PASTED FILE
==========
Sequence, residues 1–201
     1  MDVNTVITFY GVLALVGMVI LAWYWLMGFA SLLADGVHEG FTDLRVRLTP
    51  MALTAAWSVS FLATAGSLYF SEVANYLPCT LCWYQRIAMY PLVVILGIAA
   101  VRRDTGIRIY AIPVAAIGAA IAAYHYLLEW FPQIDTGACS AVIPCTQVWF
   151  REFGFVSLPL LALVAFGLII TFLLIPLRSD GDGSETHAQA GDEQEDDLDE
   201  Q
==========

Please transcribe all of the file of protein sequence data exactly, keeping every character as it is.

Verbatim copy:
Sequence, residues 1–201
     1  MDVNTVITFY GVLALVGMVI LAWYWLMGFA SLLADGVHEG FTDLRVRLTP
    51  MALTAAWSVS FLATAGSLYF SEVANYLPCT LCWYQRIAMY PLVVILGIAA
   101  VRRDTGIRIY AIPVAAIGAA IAAYHYLLEW FPQIDTGACS AVIPCTQVWF
   151  REFGFVSLPL LALVAFGLII TFLLIPLRSD GDGSETHAQA GDEQEDDLDE
   201  Q